Ever since I was nine, I have been terrified of freshwater stingrays. I read a fable by Horacio Quiroga, "El paso del Yabebirí".
Horacio Quiroga (1878-1937), a Uruguaya author, wrote several books about his life in Argentina's Northeastern province of Misiones. A land covered with jungles, and where the marvelous Iguazú falls are set.
In this story a man, wounded by a "tiger" (the name given to the South American jaguar), was saved by the timely action of the stingrays who "stung" the jaguars as they tried to cross the river to kill the man. He had protected the rays in the past so they helped him. The river's name means "river of stingrays".
Stingrays have always been on my mind, when I swam in the brown silty waters of the Paraná River delta and the River Plate during my youth I always wondered if a ray would sting me when I stood in the muddy river bed.
I posted about them and included them in my book... and today, came across a strange online article:
An online article
It was published in an site (The Anomalist [*]) , and mentioned the Patagonian Cuero. I quote it below (Bold font is mine):
Capture of the Cuero Frontiers of Zoology
Dale Drinnon features an article about television fisherman Jeremy Wade of "River Monsters" capturing a 280-lb giant freshwater stingray in the waters of Argentina's Parana River near Buenos Aires. Photos of the fisherman and his catch are included, and Drinnon takes the catch further to reveal what it has to do with cryptozoology.
It turns out Drinnon had identified freshwater stingrays as the origin of tales of plesiosaurs in the freshwater lakes and rivers of Patagonia. Drinnon's original report on the Patagonian cryptid is included along with some excellent comments from other cryptozoology bloggers, including Austin Whittall of Patagonian Monsters whose comments had sparked Drinnon's stingray identification.
Some reviewers should get their facts straight
You can imagine my surprise, I believe that the story should actually record that it was a Catholic priest, Father Molina in the late 1700s wrote about manta rays as the explanation for Chilean Cuero myth. While researching my book, I came across his work, and I mention it in my book and in a post written Over two years ago, in my September 30, 2009 post on El Cuero - Nahuelito I jotted down that:
...The ray theory is the most reasonable explanation, in fact the shape and size of the cuero are similar those of fresh water stingrays.
However these apparently do not live in the Patagonian lakes or rivers, their habitat is in the Tropical to Temperate regions of eastern South America....
South America is home to the only exclusively freshwater stingrays in the world, the family Potamotrygonidae. The closest to Patagonia live in the Paraná River basin. These rays have a sharp spike on the rear of their tail which they use for self-defense and, interestingly, their disk can be covered with small denticles, small to large thorns which are thooth-like in structure, and covered with a tough enamel.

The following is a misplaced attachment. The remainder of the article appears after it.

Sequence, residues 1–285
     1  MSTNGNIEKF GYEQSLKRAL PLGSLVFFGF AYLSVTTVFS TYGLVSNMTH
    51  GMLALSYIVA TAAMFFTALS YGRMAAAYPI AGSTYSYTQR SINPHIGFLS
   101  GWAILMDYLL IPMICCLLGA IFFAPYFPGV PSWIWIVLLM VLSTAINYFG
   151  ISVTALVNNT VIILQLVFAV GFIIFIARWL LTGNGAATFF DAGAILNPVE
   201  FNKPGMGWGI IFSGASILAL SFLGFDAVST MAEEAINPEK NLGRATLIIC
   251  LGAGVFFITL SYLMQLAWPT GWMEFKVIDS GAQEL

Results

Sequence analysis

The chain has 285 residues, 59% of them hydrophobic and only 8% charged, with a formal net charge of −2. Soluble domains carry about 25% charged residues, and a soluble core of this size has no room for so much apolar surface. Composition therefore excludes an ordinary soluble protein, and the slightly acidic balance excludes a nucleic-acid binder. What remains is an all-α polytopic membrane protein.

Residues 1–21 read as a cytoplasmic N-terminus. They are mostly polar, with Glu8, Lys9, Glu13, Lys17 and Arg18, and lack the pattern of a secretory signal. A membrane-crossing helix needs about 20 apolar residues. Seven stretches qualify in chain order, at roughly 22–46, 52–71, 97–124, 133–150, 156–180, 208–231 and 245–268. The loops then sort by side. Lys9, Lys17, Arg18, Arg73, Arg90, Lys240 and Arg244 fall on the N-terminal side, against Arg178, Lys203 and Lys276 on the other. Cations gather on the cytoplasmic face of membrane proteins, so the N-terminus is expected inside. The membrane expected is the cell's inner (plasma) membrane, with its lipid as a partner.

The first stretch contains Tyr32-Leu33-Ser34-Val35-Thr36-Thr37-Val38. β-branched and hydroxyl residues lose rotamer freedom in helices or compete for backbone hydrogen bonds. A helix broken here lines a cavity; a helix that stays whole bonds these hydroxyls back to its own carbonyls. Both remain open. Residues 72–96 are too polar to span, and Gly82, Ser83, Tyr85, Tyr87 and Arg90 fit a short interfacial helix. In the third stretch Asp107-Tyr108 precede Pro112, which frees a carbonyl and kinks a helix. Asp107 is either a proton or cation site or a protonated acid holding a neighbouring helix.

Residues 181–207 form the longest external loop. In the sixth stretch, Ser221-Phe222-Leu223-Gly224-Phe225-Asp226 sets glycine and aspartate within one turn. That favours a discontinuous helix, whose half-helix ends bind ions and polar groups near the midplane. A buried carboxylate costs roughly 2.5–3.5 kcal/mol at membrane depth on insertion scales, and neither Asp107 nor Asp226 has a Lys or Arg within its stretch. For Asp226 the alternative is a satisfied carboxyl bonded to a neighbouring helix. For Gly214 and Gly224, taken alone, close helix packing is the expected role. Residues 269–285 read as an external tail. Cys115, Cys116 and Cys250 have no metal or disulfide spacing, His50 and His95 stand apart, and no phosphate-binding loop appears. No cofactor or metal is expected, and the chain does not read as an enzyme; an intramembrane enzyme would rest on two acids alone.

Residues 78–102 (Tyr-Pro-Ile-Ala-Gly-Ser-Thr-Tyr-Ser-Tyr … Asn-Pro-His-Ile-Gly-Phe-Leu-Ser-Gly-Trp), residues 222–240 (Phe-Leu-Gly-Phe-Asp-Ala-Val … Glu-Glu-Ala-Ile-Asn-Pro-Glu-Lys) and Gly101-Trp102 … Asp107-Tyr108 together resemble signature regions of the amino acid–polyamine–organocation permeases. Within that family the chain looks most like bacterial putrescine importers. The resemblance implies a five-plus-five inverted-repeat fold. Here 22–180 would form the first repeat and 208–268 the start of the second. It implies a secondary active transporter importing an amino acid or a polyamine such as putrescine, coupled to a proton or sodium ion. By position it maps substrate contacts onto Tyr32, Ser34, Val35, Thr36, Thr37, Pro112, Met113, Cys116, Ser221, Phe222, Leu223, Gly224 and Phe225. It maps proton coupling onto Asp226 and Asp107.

For those interested, my Jan 20, 2010 post on the Cuero goes into plenty details and even includes a map on South American freshwater stingrays and mentioned the Paraná River stingrays:
There are only on family of freshwater stingrays in the whole world, these are the Potamotrygonidae and they live in South America, but the closest that they get to Patagonia is over 1.600 km (1,000 mi.) to the north in the Paraná River basin...
What Molina wrote was that the Cuero was:
“a monstrous type of Manta ray”, or perhaps a squid with cat-like nails; the 'Seppia unguiculata'" (its Latin name means “clawed” Seppia)
As there are no known freshwater rays in Patagonia, this is a possible explanation for them being there (If and when they are found there)
But there is another intriguing option: Potamotrygonidae are related to the Dasyatid rays who often venture into fresh water in several parts of the world; one of these species can be found off the Chilean Patagonian coast. Maybe these Dasyatids swam up the rivers into the Andean lakes and their denticles were taken for claws.
However let me make it clear that my tirade is not against Dale Drinnon who is an honest researcher and writer, who gets his facts straight before publishing them. It is an outburst born from my surprise at how "reviewers" can sometimes distort facts!.
[*] Note: The Anomalist is a daily online review of world news on maverick science, unexplained mysteries among other subjects.
Patagonian Monsters - Cryptozoology, Myths & legends in Patagonia2011 International Year of Forests Copyright 2009-2011 by Austin Whittall ©